Senate GOP floats scaled-down healthcare bill

Senate Republicans are considering passing a dramatically scaled-down version of their ObamaCare repeal bill as a way to pass something and set up negotiations with the House, according to GOP aides.

The measure, known as a "skinny bill," is intended to be something all Republicans can agree on, so they can pass a bill and move to a conference committee with the House.

Aides say the scaled-down bill would likely just repeal ObamaCare's individual and employer mandates and the medical device tax.

That would be a far narrower measure than the most recent Senate replacement bill, which also scaled down ObamaCare's subsidies and cut Medicaid.

Experts warn, though, that repealing the individual mandate without any replacement measures would destabilize the insurance market and spike premiums. 

The Congressional Budget Office previously found that repealing the individual mandate would lead to 15 million more uninsured people and increase premiums by around 20 percent.   

A conference committee with the House, however, could potentially change whatever the Senate passes.

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The consideration of the scaled-down measure is a sign of how much trouble Senate Republicans are having coming to agreement on any more significant bill.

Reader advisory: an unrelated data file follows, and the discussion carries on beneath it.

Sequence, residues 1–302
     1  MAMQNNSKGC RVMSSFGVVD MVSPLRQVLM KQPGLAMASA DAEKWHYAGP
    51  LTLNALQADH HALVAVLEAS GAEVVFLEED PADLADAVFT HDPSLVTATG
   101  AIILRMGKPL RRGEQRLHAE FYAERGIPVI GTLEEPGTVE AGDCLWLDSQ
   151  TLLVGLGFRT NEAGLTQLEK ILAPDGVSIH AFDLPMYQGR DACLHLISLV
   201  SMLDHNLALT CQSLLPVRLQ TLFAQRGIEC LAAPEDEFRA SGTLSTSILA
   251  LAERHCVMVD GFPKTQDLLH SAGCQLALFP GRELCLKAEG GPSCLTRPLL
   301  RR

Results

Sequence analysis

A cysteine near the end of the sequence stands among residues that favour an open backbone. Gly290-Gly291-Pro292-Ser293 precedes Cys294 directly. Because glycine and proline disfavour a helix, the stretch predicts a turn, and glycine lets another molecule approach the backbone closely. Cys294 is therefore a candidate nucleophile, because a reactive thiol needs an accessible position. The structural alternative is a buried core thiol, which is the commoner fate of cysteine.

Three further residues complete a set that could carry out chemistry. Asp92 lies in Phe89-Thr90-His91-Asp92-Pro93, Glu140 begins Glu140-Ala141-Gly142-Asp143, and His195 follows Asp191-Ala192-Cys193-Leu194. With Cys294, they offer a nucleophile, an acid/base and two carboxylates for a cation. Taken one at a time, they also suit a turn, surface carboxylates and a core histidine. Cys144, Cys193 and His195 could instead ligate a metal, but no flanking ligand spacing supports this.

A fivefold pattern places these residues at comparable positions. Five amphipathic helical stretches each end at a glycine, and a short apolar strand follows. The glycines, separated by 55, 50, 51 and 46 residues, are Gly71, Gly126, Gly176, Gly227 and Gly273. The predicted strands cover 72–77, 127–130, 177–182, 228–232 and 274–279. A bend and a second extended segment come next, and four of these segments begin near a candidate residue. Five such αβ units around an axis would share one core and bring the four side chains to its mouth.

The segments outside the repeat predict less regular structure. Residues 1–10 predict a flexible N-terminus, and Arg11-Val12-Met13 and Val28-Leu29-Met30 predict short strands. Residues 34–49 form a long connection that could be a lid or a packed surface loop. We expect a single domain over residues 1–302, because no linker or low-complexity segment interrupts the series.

A Senate GOP aide said leadership pitched their office on the scaled-down bill on Monday.

The scaled-down bill is expected to be offered after votes on both a repeal-only measure and the latest replacement bill -- which are expected to fail.

Republicans would also need to gather enough votes to start debate, and it is still unclear if they have those votes.

Sen. John CornynJohn CornynSenate passes legislation supporting Hong Kong protesters Hillicon Valley: Progressives oppose funding bill over surveillance authority | Senators call for 5G security coordinator | Facebook gets questions over location tracking | Louisiana hit by ransomware attack 2020 Republicans accuse Schumer of snubbing legislation MORE (R-Texas), the No. 2 Senate Republican, floated a conference committee with the House on Monday evening.

“I think if you want to get a result that may be a selling point," Cornyn said.